druggists or mailed.
Humphreys' Homeo. ' Medicine Co., ISt
- William Street. Mew York. Adv.
erate the same on any road or roadway.
Sec. 7. No one shall carry children on
bicycles under the age of 6 years.
Sec. 8. All persons intending to enter
a street car shall not leave the side
walk until the car has arrived at the
point where passengers are received.
Where standards are erected, they
shall enter the space behind the stand
ards from ihe street crossing and not
from the sidewalk. In all cases first
looking both ways to see that the pas
sage is clear.
Sec. 9. All persons leaving street cars
shall go directly from the street car to
tho pavement on the right hand side
of the streets in the direction the car
is sroine. Where standards, are erected.
they shall pass from the space, behind
the standards to the street crossing and
not to the sidewalk.
Sec. 10. No person alighting from a
street car shall pass in front of the car
to the left hand side of the street until
after the car has started and passed the
crossing.
Topeka Motorcycle Club.
The Topeka Motorcycle club will
hold its annual meeting for the elec
tion of officers Friday, March 13. The
Commercial club rooms have been en
gaged for use at that time. Besides
the election of officers there are a
number of things which the motor
ists will take up.
For one thing they are dissatisfied
with the present city ordinance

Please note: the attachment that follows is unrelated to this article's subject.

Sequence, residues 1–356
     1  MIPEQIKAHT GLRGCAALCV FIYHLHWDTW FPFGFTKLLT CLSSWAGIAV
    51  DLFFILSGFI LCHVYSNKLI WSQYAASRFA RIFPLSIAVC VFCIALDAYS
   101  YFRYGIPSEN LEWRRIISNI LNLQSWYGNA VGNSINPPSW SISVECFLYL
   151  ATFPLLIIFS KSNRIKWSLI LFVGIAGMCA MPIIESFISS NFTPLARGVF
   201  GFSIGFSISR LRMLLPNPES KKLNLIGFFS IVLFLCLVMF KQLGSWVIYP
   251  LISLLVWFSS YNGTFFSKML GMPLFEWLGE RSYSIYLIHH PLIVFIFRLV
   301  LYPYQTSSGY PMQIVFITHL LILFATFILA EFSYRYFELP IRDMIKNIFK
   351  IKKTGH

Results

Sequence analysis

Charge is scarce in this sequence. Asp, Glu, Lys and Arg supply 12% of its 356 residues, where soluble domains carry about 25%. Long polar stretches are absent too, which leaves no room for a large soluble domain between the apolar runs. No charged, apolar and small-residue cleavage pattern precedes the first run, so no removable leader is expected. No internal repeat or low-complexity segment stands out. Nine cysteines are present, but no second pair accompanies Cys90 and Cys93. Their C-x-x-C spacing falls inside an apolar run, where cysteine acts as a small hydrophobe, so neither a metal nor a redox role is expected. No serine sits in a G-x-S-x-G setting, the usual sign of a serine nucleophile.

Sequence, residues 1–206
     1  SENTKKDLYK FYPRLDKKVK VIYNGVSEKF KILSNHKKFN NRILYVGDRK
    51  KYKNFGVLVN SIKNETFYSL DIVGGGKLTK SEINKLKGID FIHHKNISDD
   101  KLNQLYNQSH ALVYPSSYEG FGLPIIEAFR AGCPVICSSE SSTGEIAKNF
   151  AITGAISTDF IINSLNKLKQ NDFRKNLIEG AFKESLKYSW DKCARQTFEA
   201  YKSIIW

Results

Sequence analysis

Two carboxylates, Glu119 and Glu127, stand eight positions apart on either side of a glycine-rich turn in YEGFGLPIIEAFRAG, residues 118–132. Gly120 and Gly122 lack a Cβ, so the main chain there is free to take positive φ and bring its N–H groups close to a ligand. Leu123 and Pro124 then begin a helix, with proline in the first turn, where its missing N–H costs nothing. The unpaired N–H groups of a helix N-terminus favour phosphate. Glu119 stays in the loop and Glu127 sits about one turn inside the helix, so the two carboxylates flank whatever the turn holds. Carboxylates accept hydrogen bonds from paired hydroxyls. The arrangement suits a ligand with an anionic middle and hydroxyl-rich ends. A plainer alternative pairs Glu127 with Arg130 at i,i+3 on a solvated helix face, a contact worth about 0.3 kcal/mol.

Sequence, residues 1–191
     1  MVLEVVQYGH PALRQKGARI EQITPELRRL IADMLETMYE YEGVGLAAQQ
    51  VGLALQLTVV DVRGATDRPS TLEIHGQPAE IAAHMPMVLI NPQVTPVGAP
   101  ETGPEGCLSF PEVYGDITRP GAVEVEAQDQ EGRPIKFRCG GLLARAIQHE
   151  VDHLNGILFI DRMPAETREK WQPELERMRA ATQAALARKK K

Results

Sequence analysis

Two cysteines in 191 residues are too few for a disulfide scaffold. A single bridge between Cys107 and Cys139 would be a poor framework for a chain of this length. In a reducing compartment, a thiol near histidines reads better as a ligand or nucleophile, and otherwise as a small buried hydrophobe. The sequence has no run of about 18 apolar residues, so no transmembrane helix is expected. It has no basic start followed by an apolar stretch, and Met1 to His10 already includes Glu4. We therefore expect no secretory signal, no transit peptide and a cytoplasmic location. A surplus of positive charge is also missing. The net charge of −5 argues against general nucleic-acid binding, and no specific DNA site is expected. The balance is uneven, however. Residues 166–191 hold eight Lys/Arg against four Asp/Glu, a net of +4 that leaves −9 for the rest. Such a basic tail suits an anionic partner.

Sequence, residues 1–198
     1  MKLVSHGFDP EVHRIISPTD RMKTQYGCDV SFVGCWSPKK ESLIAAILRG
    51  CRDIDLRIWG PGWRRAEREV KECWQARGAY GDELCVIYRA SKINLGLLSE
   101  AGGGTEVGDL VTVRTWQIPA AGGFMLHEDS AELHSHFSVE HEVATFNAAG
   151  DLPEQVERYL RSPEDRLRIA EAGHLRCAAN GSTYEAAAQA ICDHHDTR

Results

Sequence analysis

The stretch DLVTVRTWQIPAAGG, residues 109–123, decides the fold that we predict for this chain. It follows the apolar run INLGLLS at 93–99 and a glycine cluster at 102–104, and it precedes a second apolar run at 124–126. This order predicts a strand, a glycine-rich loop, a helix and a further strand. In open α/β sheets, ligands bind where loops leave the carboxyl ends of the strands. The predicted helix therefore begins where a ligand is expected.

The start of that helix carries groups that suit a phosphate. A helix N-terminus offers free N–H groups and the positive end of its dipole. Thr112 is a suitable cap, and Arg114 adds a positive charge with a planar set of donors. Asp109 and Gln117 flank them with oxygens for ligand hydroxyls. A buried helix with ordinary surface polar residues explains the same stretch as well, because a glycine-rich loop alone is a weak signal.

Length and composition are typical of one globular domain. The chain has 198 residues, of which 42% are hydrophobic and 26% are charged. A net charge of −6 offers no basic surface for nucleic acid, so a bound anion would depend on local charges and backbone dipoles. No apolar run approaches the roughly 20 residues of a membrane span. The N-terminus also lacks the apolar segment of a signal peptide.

whereby the license money for driv
ers goes to private individuals In
stead of to the city. W. W. Webb,
one of the members of the city board
of examiners of applicants for driv
er's licenses, has promised to be pres
ent and explain what the pop-pop
men style "his side" of ihe case.
- The motorcyclists also think there
should be an investigation of the
state's administration of the state law
on the issuance of licenses to automo
bile and motorcycle owners. A state
auto license costs $5. Four dollars
and twenty-five cents of this remains
in the county in which the license is
issued, and seventy-five cents is sent
to the office of the secretary of state.
Motorcycle licenses cost $2, out of
which $1.60 remains in the county to
be applied on road Improvements, as
is the case with auto license money,
and 60 cents is sent to the secretary
of state.. 1
The money sent to the secretary of
state is used in supplying license tags
with number on them to the holders
of the licenses, and the balance la for
the administration of the law.
The motorcyclists who think this
arrangement should be investigated
figure this way: License tags cost the
state cents each, leaving 66
cents to pay the clerical work neces
sary in the recording of the license
and other information going with it.
ana xor postage ana otner incidentals,
in me case oi an automobile license,
and 41 cents with motorcycle li
cense. All told there were approxi
mately 37,000 licenses issued last
year, so they figure there a nroh.
ably a sum of money somewhere be
tween $20,000 and $25,000 left for the
administration of the law, after the
cosi oi tags naa been deducted.
Four persons are employed In the